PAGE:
It’s 1905 and the sport of boxing is racially segregated. But Jay “The Sport” Jackson wants to be the undisputed heavyweight champion of the world but the racial ban threatens to knock out his chances. The play is creatively told in six rounds and is set in a boxing ring. Written by Marco Ramirez. A regional premier.


Theater Latté Da
at The Ritz Theater
Feb. 7–March 18, 2018
This multiple Tony Award-winner has one of the most unusual and one of the darkest subjects ever set to a musical. Stephen Sondheim muses on the minds and hearts of four successful and five would-be assassins of American Presidents. Presented by Theater Latté Da, one of the nation’s best musical theaters.


Joy Rebel: Claude Purdy Festival
Penumbra Theatre Company
Feb. 8–18, 2018
A granddaughter is loved by her grandmother. However, her perception is changed when she learns that she condemned her parents’ interracial relationship. Khanish Foster’s new play is directed by the man who has been named Lavender‘s Best Director and Theater Artist of the Year, Lou Bellamy.


The Pirates of Penzance. Photo courtesy of Park Square Theatre

The Pirates of Penzance
Proscenium Stage, Park Square Theatre
Feb. 9–March 25, 2018
Embark on board a steamer to New York where a new London musical has been planned to be produced. Unfortunately, the score was left behind in England so the performers have to recreate it with just the clothes in their trunks and ship mates! We get to know sentimental pirates, bumbling cops, and young lovers filled with hope. A Gilbert and Sullivan classic.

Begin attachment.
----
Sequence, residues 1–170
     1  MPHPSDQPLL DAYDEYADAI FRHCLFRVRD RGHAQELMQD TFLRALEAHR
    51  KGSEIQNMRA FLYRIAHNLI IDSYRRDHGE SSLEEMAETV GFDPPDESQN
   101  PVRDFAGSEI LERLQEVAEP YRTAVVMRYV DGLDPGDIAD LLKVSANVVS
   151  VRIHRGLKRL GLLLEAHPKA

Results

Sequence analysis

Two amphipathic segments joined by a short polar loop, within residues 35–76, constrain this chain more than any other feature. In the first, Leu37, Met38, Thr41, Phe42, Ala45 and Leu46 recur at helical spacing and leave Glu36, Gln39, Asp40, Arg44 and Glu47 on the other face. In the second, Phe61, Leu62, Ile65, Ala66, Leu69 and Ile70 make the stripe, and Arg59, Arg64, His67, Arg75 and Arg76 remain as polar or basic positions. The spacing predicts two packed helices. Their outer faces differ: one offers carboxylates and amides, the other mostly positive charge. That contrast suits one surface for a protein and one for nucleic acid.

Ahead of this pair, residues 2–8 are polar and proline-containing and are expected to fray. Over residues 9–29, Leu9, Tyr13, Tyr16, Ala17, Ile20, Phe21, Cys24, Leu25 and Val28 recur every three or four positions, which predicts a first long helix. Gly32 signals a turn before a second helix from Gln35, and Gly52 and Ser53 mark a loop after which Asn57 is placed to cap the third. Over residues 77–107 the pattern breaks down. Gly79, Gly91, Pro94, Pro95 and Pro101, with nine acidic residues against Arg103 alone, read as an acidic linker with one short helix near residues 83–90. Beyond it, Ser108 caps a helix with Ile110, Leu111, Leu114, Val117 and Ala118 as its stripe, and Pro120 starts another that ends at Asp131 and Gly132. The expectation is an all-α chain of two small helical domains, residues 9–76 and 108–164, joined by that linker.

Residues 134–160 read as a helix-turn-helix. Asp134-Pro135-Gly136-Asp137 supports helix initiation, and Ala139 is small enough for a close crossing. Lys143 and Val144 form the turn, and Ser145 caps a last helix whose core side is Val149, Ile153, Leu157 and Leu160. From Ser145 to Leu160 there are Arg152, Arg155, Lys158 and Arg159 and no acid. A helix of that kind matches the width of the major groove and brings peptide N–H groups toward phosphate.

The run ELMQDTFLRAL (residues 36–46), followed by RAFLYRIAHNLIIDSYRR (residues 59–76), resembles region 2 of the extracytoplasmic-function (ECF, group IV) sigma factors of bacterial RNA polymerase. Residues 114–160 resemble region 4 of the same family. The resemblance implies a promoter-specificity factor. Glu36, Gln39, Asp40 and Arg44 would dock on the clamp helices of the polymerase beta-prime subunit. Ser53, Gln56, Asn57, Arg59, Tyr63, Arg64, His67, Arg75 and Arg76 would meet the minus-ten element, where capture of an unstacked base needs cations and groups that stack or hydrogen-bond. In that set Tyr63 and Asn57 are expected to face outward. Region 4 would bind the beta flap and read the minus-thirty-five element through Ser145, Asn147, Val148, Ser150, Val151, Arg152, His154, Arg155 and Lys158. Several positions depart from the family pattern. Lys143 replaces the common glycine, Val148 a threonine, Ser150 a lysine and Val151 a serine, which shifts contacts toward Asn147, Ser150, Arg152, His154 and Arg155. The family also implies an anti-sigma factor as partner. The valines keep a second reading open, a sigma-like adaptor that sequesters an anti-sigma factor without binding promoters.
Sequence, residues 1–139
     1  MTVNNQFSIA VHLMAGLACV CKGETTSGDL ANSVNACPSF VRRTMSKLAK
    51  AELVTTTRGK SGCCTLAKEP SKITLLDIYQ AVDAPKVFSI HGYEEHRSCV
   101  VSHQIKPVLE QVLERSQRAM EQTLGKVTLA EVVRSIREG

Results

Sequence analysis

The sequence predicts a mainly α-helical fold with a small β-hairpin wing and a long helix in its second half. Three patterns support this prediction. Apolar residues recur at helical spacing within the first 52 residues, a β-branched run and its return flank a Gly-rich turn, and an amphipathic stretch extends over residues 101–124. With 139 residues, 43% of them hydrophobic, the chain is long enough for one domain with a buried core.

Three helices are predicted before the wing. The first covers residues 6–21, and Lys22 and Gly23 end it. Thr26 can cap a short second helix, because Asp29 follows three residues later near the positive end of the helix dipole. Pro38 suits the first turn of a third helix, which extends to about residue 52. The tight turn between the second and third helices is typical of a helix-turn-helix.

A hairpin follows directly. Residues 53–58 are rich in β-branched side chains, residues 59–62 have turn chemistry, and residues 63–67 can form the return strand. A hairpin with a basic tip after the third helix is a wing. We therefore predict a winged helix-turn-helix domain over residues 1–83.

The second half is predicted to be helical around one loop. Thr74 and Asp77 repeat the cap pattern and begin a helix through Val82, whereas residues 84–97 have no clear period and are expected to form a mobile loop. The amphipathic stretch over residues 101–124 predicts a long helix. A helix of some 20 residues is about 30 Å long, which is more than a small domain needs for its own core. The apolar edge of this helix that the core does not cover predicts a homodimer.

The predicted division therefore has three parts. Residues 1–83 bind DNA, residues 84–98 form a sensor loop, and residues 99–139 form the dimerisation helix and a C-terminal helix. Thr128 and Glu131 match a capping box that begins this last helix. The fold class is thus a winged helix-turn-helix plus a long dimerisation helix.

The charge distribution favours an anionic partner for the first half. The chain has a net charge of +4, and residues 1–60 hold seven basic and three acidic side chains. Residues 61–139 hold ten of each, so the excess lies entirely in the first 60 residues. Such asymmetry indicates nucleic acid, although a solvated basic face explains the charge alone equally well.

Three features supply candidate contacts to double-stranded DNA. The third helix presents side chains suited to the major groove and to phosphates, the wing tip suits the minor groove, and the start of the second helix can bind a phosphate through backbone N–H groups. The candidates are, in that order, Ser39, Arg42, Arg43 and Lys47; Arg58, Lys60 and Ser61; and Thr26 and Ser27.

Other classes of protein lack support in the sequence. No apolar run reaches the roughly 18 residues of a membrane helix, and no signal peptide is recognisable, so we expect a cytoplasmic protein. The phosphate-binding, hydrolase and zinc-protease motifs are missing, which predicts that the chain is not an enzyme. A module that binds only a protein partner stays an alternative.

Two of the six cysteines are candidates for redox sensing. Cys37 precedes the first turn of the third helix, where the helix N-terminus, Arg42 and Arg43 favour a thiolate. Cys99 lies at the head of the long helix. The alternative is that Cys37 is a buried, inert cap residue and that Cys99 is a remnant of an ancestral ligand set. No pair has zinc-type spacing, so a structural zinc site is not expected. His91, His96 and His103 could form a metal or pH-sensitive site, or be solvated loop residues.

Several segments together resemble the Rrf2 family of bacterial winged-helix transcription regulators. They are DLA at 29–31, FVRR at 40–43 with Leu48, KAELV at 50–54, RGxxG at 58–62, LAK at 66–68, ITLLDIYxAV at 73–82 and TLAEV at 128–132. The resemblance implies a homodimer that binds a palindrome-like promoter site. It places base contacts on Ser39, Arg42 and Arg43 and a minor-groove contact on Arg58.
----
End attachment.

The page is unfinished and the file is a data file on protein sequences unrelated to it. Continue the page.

Jane Austen’s Emma
Theatre in the Round Players
Feb. 9–March 4, 2018
The adaptation of the classic book by the author who many regard as the greatest writer of the English language, Jane Austen, brings protagonist Emma Woodhouse to the stage. She tries to marry off her young and naive friend Harriet to men who are simply not right for her. In the process, will Emma miss out on true love for herself?


A Crack in the Sky
History Theatre
Feb. 10–March 4, 2018
The road less traveled from Somalia to Minnesota begins in 1984 when a young shepherd boy makes a night decision to leave his country. The sweeping story of Ahmed Ismail Yusuf, inspired by Maya Angelou, celebrates the power of the written word. The History Theatre continues its commitment to diversity and the various diasporas present in Minnesota.


The Humans
Orpheum Theatre
Feb. 13–18, 2018
The national tour of the 2016 Tony Award-winner for Best Play hits the boards at the Orpheum. Set during Thanksgiving, a family comes together in Manhattan’s Chinatown. A lesbian theme also runs through Stephen Karam’s play that was also a finalist for the Pulitzer Prize for Drama.


Two Mile Hollow
Mixed Blood Theatre
Feb. 16–March 4, 2018
When the wine flows, the secrets of the Donnelly family rise to the surface. A weekend in the country after their estate has been sold becomes a window into how dysfunctional they really are. This white family is a mix of famous and longing-to-be-famous members, so you can just imagine the dynamics! Written by Leah Nanako Winkler.


Wurtele Thrust Stage, Guthrie Theater
Feb. 17–March 24, 2018
Lesbian Pulitzer Prize-winner Paula Vogel revisits the controversy surrounding the 1923 Broadway premiere of Sholem Asch’s play, God of Vengeance. A Jewish brothel owner and the lesbian love between his 17-year-old daughter and what we call a sex worker today were more than the mainstream audience of that time would even tolerate. Eight actors not only play music but also 40 roles.


A Raisin In the Sun. Photo by Petronella J. Ytsma

A Raisin In the Sun
Boss Stage, Park Square Theatre
Feb. 22–March 24, 2018
Definitely one of the greatest American plays. Lorraine Hansberry’s 1959 examination of conflicting values between different generations in an African American family is still timely today, when the entire nation seems to be at odds with conflicting values. The bisexual Hansberry died young, at 34. She left us with one of the greatest plays of the 20th century.


Leonard Bernstein’s Candide
Schneider Theater, Artistry at Bloomington Center for the Arts